In early September, my wife and I found a deal on business class flights. We got two business class seats to Venice for less than $6000! Italy here we come! We knew where we wanted to go – Venice, Florence, Rome – but weren’t sure how long to spend at each place. Solution: relax, play it by ear, book hotels a few days in advance, and use the train or rent a car to get from city to city. It worked! I wouldn’t try it during high season, though.

Business class on Turkish Air was excellent! The meals and service were great, and we got about 5 hours of sleep, which left us ready for a full day of Venetian sights. Ah, those iconic images of Venice: a lone gondolier gliding atop a gold and pink reflection of the evening sky, or arched stone bridges joining narrow, twisting passageways that disappear behind tall, pastel buildings. Venice is, simply, a stunning city. Please take my advice and gain the gondola perspective of this city. Just lay back and cruise through the canals. You’ll thank me for it.

Gondola Ride in Venice, Italy

The historic and lavish Hotel Danieli, with expansive views of Saint Mark’s Basin, was the perfect resting place for our two-night stay. Only two nights, you ask? Yes. You see, Venice, for all its uniqueness and attractive character, is also quite small. Much of this city can be covered in a day. By the end of day two, we had folded up the map and were well off the beaten path. We had heard about the incredible restaurants in the Jewish quarter and were looking to leave the tourists behind. Success! We found Osteria Al Bacco and Gam Gam – one for dinner, the other for lunch the next day. We were enamored with Venice, but call of Florence was too strong to stay… We boarded the train.


Two and a half hours later, a limo service collected us from the train station and delivered us to the Savoy, located walking distance from nearly everything you want to see in Florence. Honestly, there’s no better hotel if your goal is to see the great Florentine works of art and architecture. We stayed close the first two days, seeing everything around the Piazza Duomo and the Cathedral of Santa Maria del Fiore. On the advice of friends, we bought the Florence City Pass, which allowed us to by-pass massive lines at all the city’s attractions. Trust me: the Florence City Pass is worth it!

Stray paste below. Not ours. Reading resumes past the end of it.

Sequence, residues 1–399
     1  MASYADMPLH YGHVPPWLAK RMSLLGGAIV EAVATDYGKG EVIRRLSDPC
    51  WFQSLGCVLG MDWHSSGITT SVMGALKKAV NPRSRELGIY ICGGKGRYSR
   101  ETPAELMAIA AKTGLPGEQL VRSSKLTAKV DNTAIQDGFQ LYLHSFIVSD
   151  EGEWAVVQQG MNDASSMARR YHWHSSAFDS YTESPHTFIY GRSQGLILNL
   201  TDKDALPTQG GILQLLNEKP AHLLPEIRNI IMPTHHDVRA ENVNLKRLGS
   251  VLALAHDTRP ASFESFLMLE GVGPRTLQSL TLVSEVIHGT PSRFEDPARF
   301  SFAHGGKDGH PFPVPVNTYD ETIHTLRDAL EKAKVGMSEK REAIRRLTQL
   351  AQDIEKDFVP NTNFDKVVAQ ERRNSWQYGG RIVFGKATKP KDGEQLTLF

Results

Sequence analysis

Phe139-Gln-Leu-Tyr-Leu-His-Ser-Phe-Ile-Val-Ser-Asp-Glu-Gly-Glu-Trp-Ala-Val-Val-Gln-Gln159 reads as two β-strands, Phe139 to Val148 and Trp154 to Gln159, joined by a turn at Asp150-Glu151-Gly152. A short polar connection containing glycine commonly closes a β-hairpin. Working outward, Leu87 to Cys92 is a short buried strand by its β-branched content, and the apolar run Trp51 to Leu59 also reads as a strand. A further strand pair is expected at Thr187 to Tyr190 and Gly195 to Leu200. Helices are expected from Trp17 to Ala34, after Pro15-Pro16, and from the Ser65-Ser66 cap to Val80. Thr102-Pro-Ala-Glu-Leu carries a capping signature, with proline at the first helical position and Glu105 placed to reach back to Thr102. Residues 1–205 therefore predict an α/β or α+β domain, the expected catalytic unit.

By day three we had decided to extend our stay in Florence. We were glad we did; we were able to see everything we wanted – Galleria dell’Accademia, Palazzo Vecchio, Palazzo Pitti, Giardino di Boboli and a performance of Gregorian Chants at San Miniato al Monte. In all, we stayed six days in Florence. Not only does this Renaissance city offer so much to see and do, but it’s also the perfect launch pad for Tuscan tours.


On day five, we headed to San Gimignano for a wine tasting at Castello di Brolio. This historic winery is famous for its Chianti Classic – and rightly so. Neither of us are wine experts by any stretch, but we left the gorgeous hilltop estate of Castello di Brolio with a much deeper knowledge of the history, culture, and production of wine. Fascinating! And delicious!


From here we headed south through Siena for Rome. Siena is a must-see Tuscan town. Sadly, we only spent a few hours here (but we will return); my wife was ready to hit Rome: “History and culture are well and good but if we can take that in while shopping at Rome’s hot spots, then why not get there early.” I couldn’t argue with that logic.


You’ve probably gathered by now that hotel location is our top consideration when traveling. That is why we booked Hotel Splendide Royal in Rome. It’s walking distance to Villa Borghese (I love their Caravaggios and selection of sculpture), the Pantheon, Spanish Steps, and of course Via dei Condotti, the street featuring Dior, Bulgari, Louis Vuitton, Max Mara and many more. The hotel itself is beautiful – stained-glass windows, marble floors, elegant lighting. It’s a virtual showpiece all on its own, and its restaurant, the Mirabelle, provides the best view of the Roman skyline.


We hit as many cultural landmarks as we could. The Colosseum, Palatine Hill, and Vatican City, which was so crowded we cut our visit short, were tops on the list.  But Rome’s list is rather long. We stayed five days total and that was not long enough. It’s hard not to fall in love with Rome. I think my favorite activity was just walking through the city and uncovering a lively piazza or massive architectural ruin. Our evening wanderings led us to many a patio bar where we could just sit, chat, and meet locals and other tourists. Rome casts a spell on the unassuming traveler. We intend to return next year.